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Competition Policy in the United States: Looking Ahead
Grether, E. T.
16/4  (Summer 1974): 60-67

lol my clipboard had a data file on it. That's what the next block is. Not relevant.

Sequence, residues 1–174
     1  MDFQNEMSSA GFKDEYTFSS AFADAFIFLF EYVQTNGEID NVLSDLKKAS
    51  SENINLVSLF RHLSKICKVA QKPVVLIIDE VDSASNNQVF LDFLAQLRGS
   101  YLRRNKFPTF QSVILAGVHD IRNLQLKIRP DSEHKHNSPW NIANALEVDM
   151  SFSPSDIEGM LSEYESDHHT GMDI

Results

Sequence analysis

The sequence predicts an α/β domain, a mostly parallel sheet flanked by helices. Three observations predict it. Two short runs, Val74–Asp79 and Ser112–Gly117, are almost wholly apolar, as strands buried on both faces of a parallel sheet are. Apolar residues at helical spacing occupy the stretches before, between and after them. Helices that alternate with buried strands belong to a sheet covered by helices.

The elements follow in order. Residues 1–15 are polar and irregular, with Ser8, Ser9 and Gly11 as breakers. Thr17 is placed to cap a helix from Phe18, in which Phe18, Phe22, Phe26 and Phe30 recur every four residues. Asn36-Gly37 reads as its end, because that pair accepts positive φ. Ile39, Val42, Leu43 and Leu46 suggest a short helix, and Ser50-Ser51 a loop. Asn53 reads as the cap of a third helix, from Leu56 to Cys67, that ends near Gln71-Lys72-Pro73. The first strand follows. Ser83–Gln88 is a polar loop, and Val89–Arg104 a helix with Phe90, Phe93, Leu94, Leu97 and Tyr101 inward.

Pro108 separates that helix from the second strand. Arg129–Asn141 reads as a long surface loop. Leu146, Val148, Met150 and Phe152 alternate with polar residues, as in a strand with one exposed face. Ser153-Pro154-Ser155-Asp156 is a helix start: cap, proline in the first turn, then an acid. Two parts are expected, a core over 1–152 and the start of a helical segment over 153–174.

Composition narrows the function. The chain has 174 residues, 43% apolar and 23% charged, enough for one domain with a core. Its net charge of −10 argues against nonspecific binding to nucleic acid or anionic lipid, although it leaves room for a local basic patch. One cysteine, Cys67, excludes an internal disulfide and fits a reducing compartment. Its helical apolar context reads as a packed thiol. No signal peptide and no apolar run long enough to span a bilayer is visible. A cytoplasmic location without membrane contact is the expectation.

The article focuses on competition policy in the U.S. Competition policy has been explained and rationalized in various ways. The presumed benefits or rationale of competition have often been stated, explained and defended. One cannot understand competition policy in the U.S., or for that matter, in other countries, in these terms alone, because it represents an evolving, organic aspect of economic and other parts of the life of people. Market competition, or competition as the basic form of economic organization for the private sectors, in the U.S. can be understood only after taking a long backward look at the pathway followed. In the U.S., the dramatic economic and industrial developments beginning in the post-civil war period quickly outran the conditions of historical petty trade out of which the common law had emerged. Most significant, to begin with, were the transformations arising out of the realities of a truly national market created by the transcontinental railways, and means of communication, newspapers and magazines, the postal system, the telegraph and telephones.
 

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